The total amount of fluorescence radiance just above the surface can be modeled according to  as follows:38] and was assumed to be 0.75%. This value falls on the upper side of the range determined for coastal waters . is the downwelling scalar irradiance just below surface, and was taken from , is the attenuation coefficient in the fluorescence excitation zone, and is the attenuation coefficient in the fluorescence emission zone. The fluorescence spectrum is modeled as where is Gaussian function centered at 685nm with a 25nm width. The absorption value at 685nm, was used to approximate the term in the calculation. To estimate the diffuse attenuation coefficient, we use  to obtain:Eq. (1) after normalizing with respect to the surface downwelling irradiance .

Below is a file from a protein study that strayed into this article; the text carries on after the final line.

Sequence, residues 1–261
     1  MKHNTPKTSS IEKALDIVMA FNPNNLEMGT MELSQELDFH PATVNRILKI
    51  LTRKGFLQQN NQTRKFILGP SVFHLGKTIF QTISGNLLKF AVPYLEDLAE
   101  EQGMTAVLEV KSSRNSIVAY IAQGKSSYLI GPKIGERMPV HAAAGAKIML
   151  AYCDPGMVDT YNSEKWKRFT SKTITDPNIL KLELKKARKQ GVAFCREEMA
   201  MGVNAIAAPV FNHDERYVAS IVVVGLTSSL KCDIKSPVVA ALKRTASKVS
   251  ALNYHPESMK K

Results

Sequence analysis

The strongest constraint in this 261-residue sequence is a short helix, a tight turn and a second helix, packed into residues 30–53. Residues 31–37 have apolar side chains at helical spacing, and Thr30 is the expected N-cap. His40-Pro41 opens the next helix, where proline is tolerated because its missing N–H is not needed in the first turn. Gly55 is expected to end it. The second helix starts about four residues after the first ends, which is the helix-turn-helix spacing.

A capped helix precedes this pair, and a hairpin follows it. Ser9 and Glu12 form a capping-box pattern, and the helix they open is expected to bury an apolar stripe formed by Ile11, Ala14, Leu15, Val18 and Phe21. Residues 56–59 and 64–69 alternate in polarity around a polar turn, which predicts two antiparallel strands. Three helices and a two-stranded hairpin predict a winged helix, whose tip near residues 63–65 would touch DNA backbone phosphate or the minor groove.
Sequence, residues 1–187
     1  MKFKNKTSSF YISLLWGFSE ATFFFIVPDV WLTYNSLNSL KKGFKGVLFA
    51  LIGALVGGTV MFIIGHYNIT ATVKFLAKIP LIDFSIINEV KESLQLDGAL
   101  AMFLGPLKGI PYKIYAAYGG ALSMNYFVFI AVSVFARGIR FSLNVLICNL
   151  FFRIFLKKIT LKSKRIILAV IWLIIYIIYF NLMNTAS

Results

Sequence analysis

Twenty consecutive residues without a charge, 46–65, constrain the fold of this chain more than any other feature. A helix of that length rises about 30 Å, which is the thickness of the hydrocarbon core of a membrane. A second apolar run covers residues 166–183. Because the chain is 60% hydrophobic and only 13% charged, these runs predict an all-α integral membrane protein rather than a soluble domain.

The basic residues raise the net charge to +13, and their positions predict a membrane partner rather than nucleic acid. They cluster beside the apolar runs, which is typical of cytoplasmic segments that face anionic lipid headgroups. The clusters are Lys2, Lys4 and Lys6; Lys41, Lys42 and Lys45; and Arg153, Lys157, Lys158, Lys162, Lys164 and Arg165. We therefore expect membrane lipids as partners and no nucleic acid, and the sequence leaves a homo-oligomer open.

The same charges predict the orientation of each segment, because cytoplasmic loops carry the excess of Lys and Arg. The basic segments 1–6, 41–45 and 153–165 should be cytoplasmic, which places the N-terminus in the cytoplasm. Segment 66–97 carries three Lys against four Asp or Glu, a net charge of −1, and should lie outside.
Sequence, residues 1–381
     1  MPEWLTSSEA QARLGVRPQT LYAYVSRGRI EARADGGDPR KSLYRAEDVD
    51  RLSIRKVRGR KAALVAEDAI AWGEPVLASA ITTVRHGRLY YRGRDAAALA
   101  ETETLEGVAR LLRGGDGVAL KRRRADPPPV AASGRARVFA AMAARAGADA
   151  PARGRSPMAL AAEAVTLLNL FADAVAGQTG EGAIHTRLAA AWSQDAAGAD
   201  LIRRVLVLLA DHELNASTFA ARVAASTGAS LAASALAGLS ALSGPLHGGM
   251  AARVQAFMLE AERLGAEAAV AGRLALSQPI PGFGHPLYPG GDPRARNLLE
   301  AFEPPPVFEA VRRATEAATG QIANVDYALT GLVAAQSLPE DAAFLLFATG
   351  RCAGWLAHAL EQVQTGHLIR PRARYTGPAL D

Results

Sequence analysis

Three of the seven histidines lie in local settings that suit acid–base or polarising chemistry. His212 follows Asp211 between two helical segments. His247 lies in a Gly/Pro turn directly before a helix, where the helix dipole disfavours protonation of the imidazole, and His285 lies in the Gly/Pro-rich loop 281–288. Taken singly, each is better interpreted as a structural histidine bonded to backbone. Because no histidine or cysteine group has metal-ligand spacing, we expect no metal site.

From the above microphysical model, the construction of simulated remote sensing reflectances, , including both elastic and inelastic chlorophyll fluorescence components, can be performed. The first two simulated data sets were created for K. brevis cell concentrations, in accordance with , using the relationship for absorption of phytoplankton and particulate backscattering developed for K. brevis and non-K. brevis bloom waters. We also created a third data set for non-K. brevis blooms using the non-K. brevis-2 model, where we separated backscattering of NAP and algal particles, and assumed NAP concentrations of to be always co-existing with the non-K. brevis blooms. We also created a fourth data set for Case-1 (Open Ocean) waters in accordance with , in which is the only input parameter:
Since these waters normally have a pronounced fluorescence component, it is important to distinguish them from waters with K. brevis blooms. Finally, the was derived by multiplying the by the extraterrestrial solar constant in accordance with .